What about coaching?
A coach (or a ‘life coach’) could be someone who has read a few books about coaching; or they may have done a coaching training. Coaching trainings vary even more widely than counselling trainings. They might be minimal – a couple of weekends – or a year or more. (Compare that with the 4+ years of a typical therapy training). The trouble with working with a coach is that there often turns out to be deeper stuff going on under the surface-level problem you’re seeking coaching for, and the coach may not have the knowledge and skills to work at the level needed. Reputable coaches know when to refer someone for counselling or psychotherapy, but some coaches don’t have that all-important awareness.
2. Compiling your list of possible therapists in Essex
Aim to make a list of several possible therapists in Essex who you might approach. Once you’ve identified a few, narrow it down to maybe three therapists that you’ll contact. (And of course, if you try these three and none feels like a good fit for you, you can return to your list and reach out to a couple of others.)
Google may be an obvious place to start. However, if you’re looking to save time, a therapist directory might be the answer. Here you can quickly view therapists’ photos, base your search on your location, and easily compare things like specialities, cost and type of therapy. You can scroll through possible therapists in Essex on the following online directories:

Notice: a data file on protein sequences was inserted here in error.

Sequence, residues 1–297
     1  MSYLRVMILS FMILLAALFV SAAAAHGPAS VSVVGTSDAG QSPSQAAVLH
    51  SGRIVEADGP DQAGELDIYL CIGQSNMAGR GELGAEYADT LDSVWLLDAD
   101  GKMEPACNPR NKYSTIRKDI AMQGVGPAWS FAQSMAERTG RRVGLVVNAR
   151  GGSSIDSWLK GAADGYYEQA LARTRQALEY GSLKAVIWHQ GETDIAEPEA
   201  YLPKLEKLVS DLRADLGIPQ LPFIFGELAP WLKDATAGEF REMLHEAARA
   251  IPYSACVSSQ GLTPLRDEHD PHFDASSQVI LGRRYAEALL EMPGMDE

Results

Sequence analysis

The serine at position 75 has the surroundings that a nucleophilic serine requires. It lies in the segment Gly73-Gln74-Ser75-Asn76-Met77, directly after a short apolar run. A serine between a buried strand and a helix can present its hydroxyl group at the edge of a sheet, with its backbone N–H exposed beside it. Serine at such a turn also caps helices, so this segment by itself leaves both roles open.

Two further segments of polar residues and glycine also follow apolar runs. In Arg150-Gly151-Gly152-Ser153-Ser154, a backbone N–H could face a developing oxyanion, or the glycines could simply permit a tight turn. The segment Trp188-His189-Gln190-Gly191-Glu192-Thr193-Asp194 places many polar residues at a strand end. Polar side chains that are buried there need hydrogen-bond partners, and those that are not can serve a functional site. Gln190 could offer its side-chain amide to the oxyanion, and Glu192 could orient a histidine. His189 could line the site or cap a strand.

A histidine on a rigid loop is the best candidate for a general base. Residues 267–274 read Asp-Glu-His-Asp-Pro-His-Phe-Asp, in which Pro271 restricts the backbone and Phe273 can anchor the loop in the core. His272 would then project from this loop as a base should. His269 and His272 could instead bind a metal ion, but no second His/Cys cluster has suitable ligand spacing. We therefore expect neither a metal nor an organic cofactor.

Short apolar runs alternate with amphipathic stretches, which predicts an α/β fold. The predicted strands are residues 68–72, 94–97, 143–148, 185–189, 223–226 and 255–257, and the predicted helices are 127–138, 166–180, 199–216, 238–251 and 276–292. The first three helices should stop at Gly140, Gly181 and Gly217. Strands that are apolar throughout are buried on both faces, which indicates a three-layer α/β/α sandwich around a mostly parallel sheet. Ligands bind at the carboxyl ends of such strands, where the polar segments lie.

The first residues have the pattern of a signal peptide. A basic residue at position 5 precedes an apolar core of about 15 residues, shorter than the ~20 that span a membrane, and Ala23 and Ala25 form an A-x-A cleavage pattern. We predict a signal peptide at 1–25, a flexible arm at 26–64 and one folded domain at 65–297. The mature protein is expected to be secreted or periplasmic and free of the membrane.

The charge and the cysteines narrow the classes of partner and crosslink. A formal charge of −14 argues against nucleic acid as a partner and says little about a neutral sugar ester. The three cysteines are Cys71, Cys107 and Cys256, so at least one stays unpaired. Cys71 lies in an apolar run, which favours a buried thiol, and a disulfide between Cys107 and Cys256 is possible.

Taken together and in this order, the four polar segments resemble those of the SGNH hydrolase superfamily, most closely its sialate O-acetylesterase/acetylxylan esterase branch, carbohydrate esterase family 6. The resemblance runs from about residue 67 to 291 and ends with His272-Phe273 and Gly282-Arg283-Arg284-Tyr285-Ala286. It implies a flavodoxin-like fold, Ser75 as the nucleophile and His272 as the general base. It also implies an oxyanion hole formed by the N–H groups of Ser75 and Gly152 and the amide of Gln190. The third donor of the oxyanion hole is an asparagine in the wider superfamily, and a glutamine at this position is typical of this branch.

- Counselling Directory
- Psychology Today
- UKCP Find a Therapist
- BACP therapist directory
- ACTO (for online therapy)
At this early stage of looking for a good therapist in Essex you will need to consider:
- Do you need a therapist in Essex who works with individual adults? Couples? Children? Teens? Older adults? Autism spectrum? Dis/ability? Severe and enduring mental illness? Eating disorders?
- Do you have a preference for seeing a male or a female therapist?
- Do you particularly want a therapist with lived experience of being in a certain demographic (e.g. race, culture, class, dis/ability, LGB, trans, living in a larger body)?
- Do you think you might have suffered trauma? Look for a trauma-informed therapist and/or a therapist who has quite a lot of experience and isn’t too fresh out of college. A therapist who has an additional qualification in EMDR could be a good choice, too.
- Were you adopted? Or have an adopted child? (There is specific legislation regarding which therapists can work with adoption-related issues).